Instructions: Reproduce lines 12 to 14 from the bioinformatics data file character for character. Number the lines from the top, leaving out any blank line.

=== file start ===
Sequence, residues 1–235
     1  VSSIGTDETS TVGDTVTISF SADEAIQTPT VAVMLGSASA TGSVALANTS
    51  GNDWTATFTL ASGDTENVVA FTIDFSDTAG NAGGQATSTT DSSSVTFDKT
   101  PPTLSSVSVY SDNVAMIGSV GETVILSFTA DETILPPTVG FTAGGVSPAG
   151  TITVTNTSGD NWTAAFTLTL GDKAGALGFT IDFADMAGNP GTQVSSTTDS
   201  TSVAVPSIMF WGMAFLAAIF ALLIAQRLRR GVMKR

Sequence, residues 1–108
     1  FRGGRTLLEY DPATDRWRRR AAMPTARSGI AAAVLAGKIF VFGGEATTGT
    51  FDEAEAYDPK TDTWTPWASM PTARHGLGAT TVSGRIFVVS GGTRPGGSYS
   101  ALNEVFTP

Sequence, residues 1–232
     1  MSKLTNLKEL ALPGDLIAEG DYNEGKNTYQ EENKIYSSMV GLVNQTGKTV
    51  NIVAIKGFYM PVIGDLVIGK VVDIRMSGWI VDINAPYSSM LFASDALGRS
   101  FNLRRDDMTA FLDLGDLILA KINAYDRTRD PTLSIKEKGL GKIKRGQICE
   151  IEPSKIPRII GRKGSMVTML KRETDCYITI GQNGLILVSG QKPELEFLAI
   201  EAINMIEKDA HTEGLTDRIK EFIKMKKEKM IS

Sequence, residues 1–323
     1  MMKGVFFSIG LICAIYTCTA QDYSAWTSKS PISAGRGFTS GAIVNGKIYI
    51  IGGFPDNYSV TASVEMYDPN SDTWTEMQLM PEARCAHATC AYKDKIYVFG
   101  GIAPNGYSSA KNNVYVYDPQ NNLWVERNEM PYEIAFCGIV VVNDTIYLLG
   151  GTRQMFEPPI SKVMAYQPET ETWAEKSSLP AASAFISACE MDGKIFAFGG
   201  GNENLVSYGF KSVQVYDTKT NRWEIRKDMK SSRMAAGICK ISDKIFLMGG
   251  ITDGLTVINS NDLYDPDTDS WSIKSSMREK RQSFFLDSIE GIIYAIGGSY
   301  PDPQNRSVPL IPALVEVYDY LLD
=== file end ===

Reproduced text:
     1  MSKLTNLKEL ALPGDLIAEG DYNEGKNTYQ EENKIYSSMV GLVNQTGKTV
    51  NIVAIKGFYM PVIGDLVIGK VVDIRMSGWI VDINAPYSSM LFASDALGRS
   101  FNLRRDDMTA FLDLGDLILA KINAYDRTRD PTLSIKEKGL GKIKRGQICE